FTSE Rides Out Tough Times

FTSE Rides Out Tough Times - at www.moneyweek.com - the best of the international financial media

The UK's FTSE index is a resilient thing. So far this year, it has risen nearly 8% to its highest level for nearly three years and seems to be holding its ground despite the worsening economic and bad corporate news filling the press. Profit warnings from UK-listed firms are on the rise, says Allister Heath in The Business. The number of firms forced to issue profit warnings in the second quarter of this year was up 52% on the same period last year and was the worst quarter for profit warnings since the fourth quarter of 2002. The most warnings came, predictably, from retailers, the media and entertainment sector (which has been hit by a cut in advertising budgets) and the support-services sector.

One reason for the FTSE's surprising resilience is the splendid performance of BP and Shell, says Robert Cole in The Times. The two dominate the oil and gas sector, which in turn accounts for 15% of the FTSE's movements. Other sectors have played their part (electricity shares are up 21% this year, for example), but "oil is where the action is". But there's another more general reason for the FTSE's strength interest rates. The more bad news traders hear, the more convinced they become that interest rates will soon be cut. This is good news for them, as markets look to the future, not the past. The lower a yield it expects from gilts in the future (ie, the lower they expect the Bank of England to set interest rates in the future), the higher a valuation they'll put on the potential returns from equities. So when interest rates are expected to fall, equities often do pretty well. This market is rising not because there's anything good to say about the UK economy, but because there are so many negative things to say about it.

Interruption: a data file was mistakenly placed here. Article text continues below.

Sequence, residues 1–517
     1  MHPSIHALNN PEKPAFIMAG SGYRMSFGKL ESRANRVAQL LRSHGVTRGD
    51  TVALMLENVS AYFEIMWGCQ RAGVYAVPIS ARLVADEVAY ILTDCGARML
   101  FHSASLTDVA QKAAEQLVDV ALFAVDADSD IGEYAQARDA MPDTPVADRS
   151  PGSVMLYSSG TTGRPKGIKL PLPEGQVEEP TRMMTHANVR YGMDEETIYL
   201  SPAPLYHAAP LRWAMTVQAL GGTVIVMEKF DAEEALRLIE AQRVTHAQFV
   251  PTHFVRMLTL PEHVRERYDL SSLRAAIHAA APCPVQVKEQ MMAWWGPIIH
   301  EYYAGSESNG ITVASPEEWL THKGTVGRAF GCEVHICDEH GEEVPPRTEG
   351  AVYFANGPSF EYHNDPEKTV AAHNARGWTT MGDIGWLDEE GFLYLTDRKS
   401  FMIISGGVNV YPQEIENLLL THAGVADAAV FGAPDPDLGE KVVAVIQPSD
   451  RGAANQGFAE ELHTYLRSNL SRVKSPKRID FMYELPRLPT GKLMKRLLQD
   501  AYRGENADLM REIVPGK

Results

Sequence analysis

But as we often point out, a series of interest-rate cuts is far from a given. As the UK economy is running out of puff, so is our currency and that means imported inflation. The Consumer Price Index is currently running at a seven-year high. A rate cut (which will mean a weaker pound) could force it higher. And if it goes much above the Bank of England's target of 2%, it's going to be very hard to keep cutting rates. Traders may be able to bank on one cut, but not much more than that. As the pound falls, rates may move back up and the FTSE back down

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